I think that about sums it up. Basically, if you’re in any position to benefit significantly from a country’s public goods, then you’re a bit obligated to pay for them.

Who’s not included:

  1. People/companies that don’t have anything to do with said country.
  2. People that only visit briefly.
  3. Tourists.
  4. Residents that live and work in other countries.

Which makes sense. I mean – tourists are bringing their already-taxed income and spending it in the country on trinkets that would never be bought by said country’s residents. They’re already doing enough.

And in general, what you expect is exactly what you get. Most tax codes will work on that general principle (not all – but certainly the ones that are considered “best practice”).

Which brings me back to the Zimbabwean Income Tax bill…

Step 1: Let’s Redefine The Term “Tax Resident”

Here’s the proposal (with the exciting parts in red):

  1. A Resident Individual Taxpayer
    1. Any individual that has a normal place of abode in Zimbabwe and is present in Zimbabwe at any time during the year. OR
    2. Any individual that is in Zimbabwe for more than 183 days (ie. more than half the year). OR
    3. A government official posted overseas.
  2. A Resident Company
    1. Any company incorporated in Zimbabwe. OR
    2. Any company that has its effective management and control exercised in Zimbabwe at any point during the year. OR
    3. Any company that undertakes the majority of its operations in Zimbabwe during the year.
  3. A Resident Trust
    1. Any trust established in Zimbabwe. OR
    2. Any trust that has a trustee who was a resident in Zimbabwe at any time during the year. OR
    3. Any trust that has its management and control exercised in Zimbabwe at any point during the year.

The main problem is the timing.

One New Year’s Kariba trip for an individual that owns a property* in Zimbabwe – and they’re liable for tax. One business trip for the CEO of a foreign company where he/she sends an email back with an executive instruction – and that foreign company is deemed a Zimbabwean tax resident. A trustee resolution via Skype – and that trust is now meant to be submitting a Zimbabwean tax return.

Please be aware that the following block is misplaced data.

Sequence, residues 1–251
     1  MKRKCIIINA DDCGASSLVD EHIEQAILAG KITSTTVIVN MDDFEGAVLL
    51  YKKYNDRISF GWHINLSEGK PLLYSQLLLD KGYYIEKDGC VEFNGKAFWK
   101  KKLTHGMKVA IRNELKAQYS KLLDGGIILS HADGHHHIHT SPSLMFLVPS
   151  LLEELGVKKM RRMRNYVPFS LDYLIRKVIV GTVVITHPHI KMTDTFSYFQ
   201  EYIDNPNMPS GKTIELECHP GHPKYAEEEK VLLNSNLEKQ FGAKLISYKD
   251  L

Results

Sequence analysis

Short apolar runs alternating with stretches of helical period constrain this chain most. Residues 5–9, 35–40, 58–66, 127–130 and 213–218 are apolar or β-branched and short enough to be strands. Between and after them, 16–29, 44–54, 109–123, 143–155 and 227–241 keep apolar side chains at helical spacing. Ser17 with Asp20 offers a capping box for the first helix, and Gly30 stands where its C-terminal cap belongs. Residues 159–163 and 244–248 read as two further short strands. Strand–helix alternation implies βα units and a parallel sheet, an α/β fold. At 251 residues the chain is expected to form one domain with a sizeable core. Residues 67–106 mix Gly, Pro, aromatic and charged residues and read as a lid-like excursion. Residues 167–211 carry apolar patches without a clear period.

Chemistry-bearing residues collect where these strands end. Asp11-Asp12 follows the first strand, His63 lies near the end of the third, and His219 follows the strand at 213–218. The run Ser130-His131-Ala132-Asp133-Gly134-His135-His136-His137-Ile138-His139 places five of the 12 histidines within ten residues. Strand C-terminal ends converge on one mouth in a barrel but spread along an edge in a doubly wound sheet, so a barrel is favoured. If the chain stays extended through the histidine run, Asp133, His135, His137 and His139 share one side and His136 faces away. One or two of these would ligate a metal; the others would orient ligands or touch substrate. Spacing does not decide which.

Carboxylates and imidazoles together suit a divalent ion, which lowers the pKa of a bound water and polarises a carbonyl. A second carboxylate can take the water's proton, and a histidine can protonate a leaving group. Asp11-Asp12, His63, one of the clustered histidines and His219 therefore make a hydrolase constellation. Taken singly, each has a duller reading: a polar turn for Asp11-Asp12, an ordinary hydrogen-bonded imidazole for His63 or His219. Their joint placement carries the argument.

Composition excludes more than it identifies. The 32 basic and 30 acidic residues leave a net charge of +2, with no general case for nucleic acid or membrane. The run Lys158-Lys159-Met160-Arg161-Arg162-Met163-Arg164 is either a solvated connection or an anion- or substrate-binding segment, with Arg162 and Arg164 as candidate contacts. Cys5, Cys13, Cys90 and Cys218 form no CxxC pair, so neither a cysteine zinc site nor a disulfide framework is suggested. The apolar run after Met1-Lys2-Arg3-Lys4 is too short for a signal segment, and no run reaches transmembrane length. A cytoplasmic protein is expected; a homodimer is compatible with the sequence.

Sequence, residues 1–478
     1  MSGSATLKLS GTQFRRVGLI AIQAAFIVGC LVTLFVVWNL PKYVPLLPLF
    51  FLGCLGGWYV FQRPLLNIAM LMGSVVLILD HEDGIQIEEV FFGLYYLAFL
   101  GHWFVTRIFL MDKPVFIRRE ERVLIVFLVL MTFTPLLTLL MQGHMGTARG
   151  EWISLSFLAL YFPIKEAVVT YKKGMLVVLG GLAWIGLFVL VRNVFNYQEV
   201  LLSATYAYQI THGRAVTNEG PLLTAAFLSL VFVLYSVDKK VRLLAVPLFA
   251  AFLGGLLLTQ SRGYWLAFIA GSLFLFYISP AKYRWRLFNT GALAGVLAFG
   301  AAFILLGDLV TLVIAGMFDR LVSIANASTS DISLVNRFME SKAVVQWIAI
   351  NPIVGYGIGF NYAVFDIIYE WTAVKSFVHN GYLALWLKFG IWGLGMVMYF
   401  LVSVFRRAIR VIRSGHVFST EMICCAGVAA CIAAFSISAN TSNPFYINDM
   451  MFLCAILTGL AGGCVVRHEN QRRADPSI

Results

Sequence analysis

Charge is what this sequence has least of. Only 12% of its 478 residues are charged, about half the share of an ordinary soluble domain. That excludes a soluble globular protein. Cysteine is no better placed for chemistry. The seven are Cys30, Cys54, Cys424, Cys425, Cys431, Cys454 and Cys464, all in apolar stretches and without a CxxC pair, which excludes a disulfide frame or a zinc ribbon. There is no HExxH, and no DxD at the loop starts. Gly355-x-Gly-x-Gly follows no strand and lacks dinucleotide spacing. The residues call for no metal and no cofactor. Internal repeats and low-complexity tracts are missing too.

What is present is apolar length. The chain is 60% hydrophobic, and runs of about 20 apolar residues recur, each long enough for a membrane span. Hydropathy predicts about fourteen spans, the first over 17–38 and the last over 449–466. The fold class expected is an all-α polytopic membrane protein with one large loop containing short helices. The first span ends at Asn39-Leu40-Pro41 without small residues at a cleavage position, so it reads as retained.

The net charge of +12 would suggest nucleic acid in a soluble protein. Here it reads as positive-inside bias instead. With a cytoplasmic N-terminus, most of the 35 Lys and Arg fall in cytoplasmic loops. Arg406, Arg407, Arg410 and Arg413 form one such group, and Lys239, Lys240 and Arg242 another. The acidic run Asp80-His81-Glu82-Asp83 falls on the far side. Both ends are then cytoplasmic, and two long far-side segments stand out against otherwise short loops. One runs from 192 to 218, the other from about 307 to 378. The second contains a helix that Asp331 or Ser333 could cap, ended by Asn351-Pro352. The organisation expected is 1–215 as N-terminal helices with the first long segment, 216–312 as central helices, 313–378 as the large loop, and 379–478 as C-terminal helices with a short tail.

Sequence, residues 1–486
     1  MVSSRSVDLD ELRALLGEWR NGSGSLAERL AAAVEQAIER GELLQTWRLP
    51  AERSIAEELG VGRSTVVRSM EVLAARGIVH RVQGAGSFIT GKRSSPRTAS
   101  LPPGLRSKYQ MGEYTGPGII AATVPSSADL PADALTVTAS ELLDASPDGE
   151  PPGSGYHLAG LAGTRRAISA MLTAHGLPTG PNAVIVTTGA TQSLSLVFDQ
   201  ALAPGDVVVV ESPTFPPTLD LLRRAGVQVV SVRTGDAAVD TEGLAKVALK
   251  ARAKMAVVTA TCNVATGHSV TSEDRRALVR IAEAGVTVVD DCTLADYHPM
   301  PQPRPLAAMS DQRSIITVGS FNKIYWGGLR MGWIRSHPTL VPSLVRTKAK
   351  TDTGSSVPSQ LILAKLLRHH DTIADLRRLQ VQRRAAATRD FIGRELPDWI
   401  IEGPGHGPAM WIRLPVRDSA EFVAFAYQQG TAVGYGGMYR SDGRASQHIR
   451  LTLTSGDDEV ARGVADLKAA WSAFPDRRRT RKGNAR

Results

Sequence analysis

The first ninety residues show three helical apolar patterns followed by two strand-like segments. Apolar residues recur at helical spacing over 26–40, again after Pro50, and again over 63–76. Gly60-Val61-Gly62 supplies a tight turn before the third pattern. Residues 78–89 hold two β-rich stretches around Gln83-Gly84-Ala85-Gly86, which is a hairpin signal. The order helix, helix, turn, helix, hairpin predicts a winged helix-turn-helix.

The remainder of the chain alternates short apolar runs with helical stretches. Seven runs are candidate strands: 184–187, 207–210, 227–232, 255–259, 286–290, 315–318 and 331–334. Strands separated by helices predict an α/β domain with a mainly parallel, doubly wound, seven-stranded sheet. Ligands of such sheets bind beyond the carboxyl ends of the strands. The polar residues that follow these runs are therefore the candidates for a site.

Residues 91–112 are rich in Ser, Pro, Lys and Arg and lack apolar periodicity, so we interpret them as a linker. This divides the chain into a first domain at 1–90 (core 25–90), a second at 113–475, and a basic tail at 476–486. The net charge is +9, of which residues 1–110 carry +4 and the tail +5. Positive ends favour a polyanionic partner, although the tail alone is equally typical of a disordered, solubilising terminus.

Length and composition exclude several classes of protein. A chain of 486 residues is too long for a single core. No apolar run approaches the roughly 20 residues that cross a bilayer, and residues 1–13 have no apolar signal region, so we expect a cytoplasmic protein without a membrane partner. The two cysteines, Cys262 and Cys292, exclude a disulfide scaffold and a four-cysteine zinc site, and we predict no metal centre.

*that seems to be the general consensus on what “a normal place of abode” means. You don’t have to live in it, it doesn’t even need to be residential property – you just have to have a title deed in your name.

Of course, I’m not sure how easy it will be to enforce these definitions across the board (this is the other important side of taxation – principle is great, but ease of enforcement is key). I mean – will the Revenue Authorities monitor your skype conference calls? And your travel plans? Oh – and on the plus side, there are concessionary tax credits available if you are already paying tax in another country (that is, you get told how much tax is owed to the Zimbabwean Revenue Authorities, and then you reduce it by the amount of tax you’ve paid in that other country).

But it does mean that anyone of significant means targeted by a ZIMRA agent is 100% certain to have done something wrong in ZIMRA’s eyes. And even if these definitions get challenged in court, and are ruled to be unconstitutional or wrongly interpreted, we all know how tax appeals/objections work…

“Object if you want – but there’s a process. You pay the assessment as it stands, and we’ll refund you if you win.”

But here’s the real crux: tax credits are wonderful, but only if all countries calculate taxable income in the same way…

Just wait until I get to the post on allowable deductions.